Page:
US cleaning company strives to offer ‘good jobs’ while making a solid profit

Instead of offering its staff minimum wage, Managed by Q pays its employees ‘a solid living wage’ and gives them ‘good benefits’ in order to motivate them to help the company turn a healthy profit.

q logoManaged by Q, a contract cleaning and maintenance company in the US, is putting a new business model to the test. Instead of offering its staff minimum wage like most of the competition, Q (as it is commonly called) pays employees ‘a solid living wage’ that is  ‘considerably more than prevailing market rates,’ and gives them ‘good benefits,’ wrote Andrew Davidson in a 25 Feb New York Times article.

‘The chief executive of Managed by Q, Dan Teran, wants to be clear: His company is not a charity. Its plan is to become enormous and highly profitable.’ Good payment is simply ‘crucial to his business model.’

While developing Q’s business model, Teran read ‘‘The Good Jobs Strategy’’ by MIT’s Zeynep Ton. ‘The book offers a careful study of a handful of large companies that have been able to pay their workers well above prevailing wages while also keeping overall costs down and earning a healthy profit. Typically, companies see workers entirely as a cost, something that reduces profit; as a result, many try to minimise the number of workers and the amount they are paid. But as Ton points out, when a company deploys its workers in smart ways, those workers can become a source of profit instead of just a cost. Q is a perfect example: Teran doesn’t see his cleaners as simply cleaners. Instead, they are the essential link between Q and its clients.’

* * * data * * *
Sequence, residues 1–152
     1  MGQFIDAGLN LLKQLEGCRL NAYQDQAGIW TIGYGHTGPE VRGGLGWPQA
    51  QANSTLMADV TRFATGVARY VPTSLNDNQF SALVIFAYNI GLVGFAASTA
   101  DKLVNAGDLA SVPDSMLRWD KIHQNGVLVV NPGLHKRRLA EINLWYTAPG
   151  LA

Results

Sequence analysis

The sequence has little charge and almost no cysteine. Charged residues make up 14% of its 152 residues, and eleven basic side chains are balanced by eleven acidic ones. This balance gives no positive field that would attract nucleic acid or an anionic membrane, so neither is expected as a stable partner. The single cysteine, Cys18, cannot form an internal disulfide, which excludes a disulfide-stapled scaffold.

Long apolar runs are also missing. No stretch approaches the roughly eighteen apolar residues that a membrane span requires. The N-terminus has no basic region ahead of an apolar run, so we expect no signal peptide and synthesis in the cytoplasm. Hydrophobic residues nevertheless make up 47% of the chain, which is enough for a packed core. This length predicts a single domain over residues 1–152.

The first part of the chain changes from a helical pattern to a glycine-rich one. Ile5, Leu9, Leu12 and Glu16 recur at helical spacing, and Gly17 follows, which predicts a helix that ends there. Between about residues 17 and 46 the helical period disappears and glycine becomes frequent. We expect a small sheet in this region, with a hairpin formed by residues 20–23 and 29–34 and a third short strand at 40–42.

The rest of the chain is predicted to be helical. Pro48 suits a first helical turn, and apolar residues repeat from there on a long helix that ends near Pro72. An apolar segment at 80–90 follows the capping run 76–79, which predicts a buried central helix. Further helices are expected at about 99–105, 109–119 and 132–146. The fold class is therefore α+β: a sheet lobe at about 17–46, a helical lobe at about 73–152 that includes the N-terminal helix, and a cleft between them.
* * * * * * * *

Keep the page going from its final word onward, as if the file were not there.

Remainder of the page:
Q’s employees ‘effectively become a sales rep, smuggled every day inside the office of the customer. The better the cleaner is — the better trained and motivated and paid — the more effective a representative she can be, and the more money she can generate.’

According to Teran’s thinking, this strategy will reduce client and staff turnover numbers. In turn, this will drastically reduce the amount of money spent on marketing, sales and human resources, which Q can then funnel into its expansion.

So, in theory, Teran said his competitors would do better financially in the first year of operation, but Q would win in the long run.

‘Teran believes that most American businesses, and especially fast-growing start-ups like Uber, have mistaken short-term gains for long-term value, undercutting the share of revenue that flows to workers in a way that will perversely hurt their bottom line,’ continued Davidson. Teran also believes that ‘decades of rising inequality and stagnant wages’ are the product of a ‘simple misunderstanding about how best to deploy workers and recognise the value they bring to a company.’

So far, Q’s business model has worked: Only around 10 percent of clients leave the company each year, and only 5 percent of employees leave. Also, at a little more than two years old, ‘the company now cleans more than 2.1 million square feet of office space in New York City. It has expanded its operations to San Francisco, Chicago and Los Angeles, with the eventual goal of conquering every major city in the United States and, eventually, the world.’

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